Then I was going from Receiver RCA outs (tried sub/LFE and Preamp out/in loop) to RCA in on either Crown or Behringer. Regardless if the Samson S-Convert was in the loop or not, once the Crown OR Behringer got connected, the hum arrived.

No Ethernet in the mix, things are connected via wifi since the router is only a few feet away, and I have the gigabit internet.

2-Prong items - TV (plugged directly to outlet), Fios cable box (does have an in-line transformer box like a laptop charger, and is plugged to surge protector), Yamaha receiver (plugged into surge protector)

3-Prong items - Crown amp, Behringer EQ.

So the 2 Pro Audio items are the only 3-Prong, grounded items. So that makes sense. And further establishes the noise is on the power/plug side, not necessarily on the signal or cables. Right?

So, since the 3>2 prong adapter worked in my test, what is the best & most cost effective way to resolve this? Things like the Hum X? If so, what other options are there for less than $80 a pop? Unless I can get away with just one of those between the surge protector & the wall outlet? I would be fine with an $80 solution, but would rather not a $160 solution.
 
TLS Guy

TLS Guy

Audioholic Slumlord
I have Verizon Fios, cable.

Here is my relevant chain of connections:
Coax cable input from main splitter of the house split again in Den to Fios cable box & to router.
Cable box to LED TV via HDMI, then audio from TV to Receiver via Fiber/Optical.
Then I was going from Receiver RCA outs (tried sub/LFE and Preamp out/in loop) to RCA in on either Crown or Behringer. Regardless if the Samson S-Convert was in the loop or not, once the Crown OR Behringer got connected, the hum arrived.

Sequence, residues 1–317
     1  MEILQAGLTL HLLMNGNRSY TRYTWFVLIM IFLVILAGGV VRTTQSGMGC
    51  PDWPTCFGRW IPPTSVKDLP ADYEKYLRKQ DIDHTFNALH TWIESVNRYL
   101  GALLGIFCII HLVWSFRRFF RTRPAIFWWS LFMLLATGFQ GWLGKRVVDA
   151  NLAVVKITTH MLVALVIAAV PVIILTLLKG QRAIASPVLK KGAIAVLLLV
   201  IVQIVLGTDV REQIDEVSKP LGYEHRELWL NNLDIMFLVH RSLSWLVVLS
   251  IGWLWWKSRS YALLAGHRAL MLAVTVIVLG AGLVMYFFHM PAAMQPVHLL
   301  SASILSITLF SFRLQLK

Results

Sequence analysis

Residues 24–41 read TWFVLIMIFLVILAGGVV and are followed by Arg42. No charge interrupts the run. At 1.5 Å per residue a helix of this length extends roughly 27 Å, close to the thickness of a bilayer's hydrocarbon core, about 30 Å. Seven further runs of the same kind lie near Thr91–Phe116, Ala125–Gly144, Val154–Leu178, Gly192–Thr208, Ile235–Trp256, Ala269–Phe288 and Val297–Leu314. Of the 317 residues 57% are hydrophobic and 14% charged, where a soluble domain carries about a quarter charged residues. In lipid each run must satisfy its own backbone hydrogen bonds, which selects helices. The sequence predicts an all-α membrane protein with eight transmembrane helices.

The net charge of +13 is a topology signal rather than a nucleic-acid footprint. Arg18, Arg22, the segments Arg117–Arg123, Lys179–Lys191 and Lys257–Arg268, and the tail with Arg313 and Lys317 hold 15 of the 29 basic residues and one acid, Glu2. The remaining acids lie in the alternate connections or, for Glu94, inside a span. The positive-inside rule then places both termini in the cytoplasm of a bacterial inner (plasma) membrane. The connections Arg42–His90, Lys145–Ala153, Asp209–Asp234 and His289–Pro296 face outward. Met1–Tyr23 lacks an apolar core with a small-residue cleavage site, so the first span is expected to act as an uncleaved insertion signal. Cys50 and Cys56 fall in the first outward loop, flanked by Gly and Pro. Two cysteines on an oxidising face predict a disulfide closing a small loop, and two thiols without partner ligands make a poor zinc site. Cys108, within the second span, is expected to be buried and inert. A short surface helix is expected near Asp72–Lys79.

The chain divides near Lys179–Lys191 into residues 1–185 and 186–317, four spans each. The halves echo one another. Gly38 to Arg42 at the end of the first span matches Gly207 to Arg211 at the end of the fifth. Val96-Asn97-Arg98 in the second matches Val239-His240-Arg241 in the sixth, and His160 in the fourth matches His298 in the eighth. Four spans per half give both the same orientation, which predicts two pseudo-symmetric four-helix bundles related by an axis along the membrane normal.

No Ethernet in the mix, things are connected via wifi since the router is only a few feet away, and I have the gigabit internet.

2-Prong items - TV (plugged directly to outlet), Fios cable box (does have an in-line transformer box like a laptop charger, and is plugged to surge protector), Yamaha receiver (plugged into surge protector)

3-Prong items - Crown amp, Behringer EQ.

So the 2 Pro Audio items are the only 3-Prong, grounded items. So that makes sense. And further establishes the noise is on the power/plug side, not necessarily on the signal or cables. Right?

So, since the 3>2 prong adapter worked in my test, what is the best & most cost effective way to resolve this? Things like the Hum X? If so, what other options are there for less than $80 a pop? Unless I can get away with just one of those between the surge protector & the wall outlet? I would be fine with an $80 solution, but would rather not a $160 solution.
If I understand this correctly, then the only grounds are the Crown amp and the Behringer EQ and this FIOS system.

If that is so, then the problem has to be resistance to ground in the FIOS system and the ground of the Crown amp and or the Behringer EQ. If you can be certain those are the only grounds then there is your problem.

Forget expensive solutions like Hum X. Those sort of approaches are useless. You have to get your grounds at the same potential or only have one ground. There are no other solutions.

So before I go any further I need you to disconnect your system from the FIOS system. So disconnect all COAX connections to that system and see if the hum stops.

Then put the cheater plug on the Behringer with and without the FIOS connected to your system. Then we can see where the resistances to ground are originating.

I am doing a big install for someone out of town, and will not be back to my hotel room until late this evening. I will have this laptop with me for the install so I may get a chance to reply. This laptop has programs on it for the install, so I might get a chance to respond, but don't bank on it. But I will get back to you.

If it does then we can explore how to go about fixing your problem.
 
highfigh

highfigh

Audioholic Overlord
Disconnect the FIOS cable at the demarcation point and if the hum stops, call Verizon to tell them to fix their installation.

BTW- ALL of the equipment connected to the FIOS cabling is involved in the system that hums, so check all of the terminations and make sure they're tightly connected.
 
P

PENG

Audioholic Overlord
I have Verizon Fios, cable.

Here is my relevant chain of connections:
Coax cable input from main splitter of the house split again in Den to Fios cable box & to router.
Cable box to LED TV via HDMI, then audio from TV to Receiver via Fiber/Optical.
Then I was going from Receiver RCA outs (tried sub/LFE and Preamp out/in loop) to RCA in on either Crown or Behringer. Regardless if the Samson S-Convert was in the loop or not, once the Crown OR Behringer got connected, the hum arrived.